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The Holy Elders of Optina

Synaxis of the Saints of Optina
Synaxis of the Saints of Optina

Over the course of one century—from Elder Leonid’s arrival in 1829 until the Monastery’s forced closure by the Communists in 1923—Optina, with its Skete of St. John the Forerunner, was at the center of a tremendous spiritual revival in Russia.

As a result of anti-clerical legislation during the reigns of Emperor Peter I and Empress Catherine II, a general decline in monastic life had taken place across Russia from the middle of the 17th century through the end of the 18th century. While several spiritually well-ordered monasteries still existed, such as Valaam and Sarov, the strict new regulations often forced those desiring to follow the Gospel commandments within the God-ordained monastic life to choose one of two alternatives: either to leave Russia in search of a monastery in one of the neighboring Orthodox countries, or to live this life in the depths of forests, hidden from view. The greatest example of those who chose the first path was St. Paisius Velichkovsky (+ 1794), who labored ascetically on Mount Athos and ended his days at the head of a vast monastic army centered in Moldavia, Romania. A number of his disciples later returned to Russia, bringing with them priceless patristic writings on the spiritual life which had been painstakingly translated by St. Paisius, and which became instrumental in bringing about a new blossoming of sanctity in Russia. An example of those who chose the second way was the community of ascetics who dwelt in the Roslavl Forest of the Bryansk Province in Russia. These ascetics were also nourished by St. Paisius by means of his patristic translations, which reached them through Elder Athanasius, one of St. Paisius’ disciples.

Elder Leonid (1768—1841)
Elder Leonid (1768—1841)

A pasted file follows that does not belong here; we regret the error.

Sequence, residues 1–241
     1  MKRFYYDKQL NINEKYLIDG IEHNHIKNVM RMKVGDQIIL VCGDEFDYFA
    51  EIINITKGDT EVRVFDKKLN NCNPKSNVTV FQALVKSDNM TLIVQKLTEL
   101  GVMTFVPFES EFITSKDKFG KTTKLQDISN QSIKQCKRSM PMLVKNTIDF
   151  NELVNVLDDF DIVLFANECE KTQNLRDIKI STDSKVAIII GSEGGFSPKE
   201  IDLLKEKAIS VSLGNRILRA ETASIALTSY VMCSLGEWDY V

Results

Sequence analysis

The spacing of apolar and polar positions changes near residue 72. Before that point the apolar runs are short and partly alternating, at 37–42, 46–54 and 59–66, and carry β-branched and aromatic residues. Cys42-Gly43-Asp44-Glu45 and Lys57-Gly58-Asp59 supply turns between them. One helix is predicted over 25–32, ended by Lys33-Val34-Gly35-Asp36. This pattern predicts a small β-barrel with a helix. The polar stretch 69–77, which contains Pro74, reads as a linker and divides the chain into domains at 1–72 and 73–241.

When, at the beginning of the 19th century, a more propitious time for monasticism arrived, and the run-down Optina Monastery was being restored, it was by these ascetics that true monasticism was instituted in Optina. From the Roslavl Forest came the Putilov brothers, Elders Moses and Anthony, who took the reins of the Optina Monastery and established the Optina Skete nearby. They, in turn, brought in Elder Leonid, a disciple of Elders Theodore of Svir and Cleopas of Valaam, both of whom were direct disciples of St. Paisius. 

With the arrival of Elder Leonid, the practice of eldership was introduced in Optina. This is the prophetic ministry of the Church, which has existed since apostolic times, and through which God’s will is directly revealed to those seeking guidance. An elder is one who, through inward purification, has become a vessel and conduit of the action of the Holy Spirit. This ministry was passed on in Optina from one Elder to the next, in a remarkable chain of sanctity that lasted a full century.

The succession of Optina Elders had a profound effect on all levels of Russian society. Guidance by eldership—marked by a life of simplicity, unquestioning obedience to the Elder, and frequent revelation of one’s thoughts—was a source of spiritual rebirth, not only for Optina’s monks and monastics of other monasteries, but also for the thousands of lay folk who came to Optina in a steady stream day after day for spiritual direction. Famous Russian authors, such as Gogol, Dostoyevsky, and Tolstoy, were deeply affected by their contact with the Elders.

Elder Macarius (1788-1860)
Elder Macarius (1788-1860)

The Optina Elders also had a profound effect on the spirituality of Russia by fostering the publication of a significant body of patristic literature concerning the ascetic, spiritual life. The books that Optina Monastery published were sent out free to all monasteries in Russia, and were read by great numbers of laypeople, as well. This labor of love began under the leadership of Elder Macarius (Elder Leonid’s disciple) and continued until the forced closure of Optina Monastery.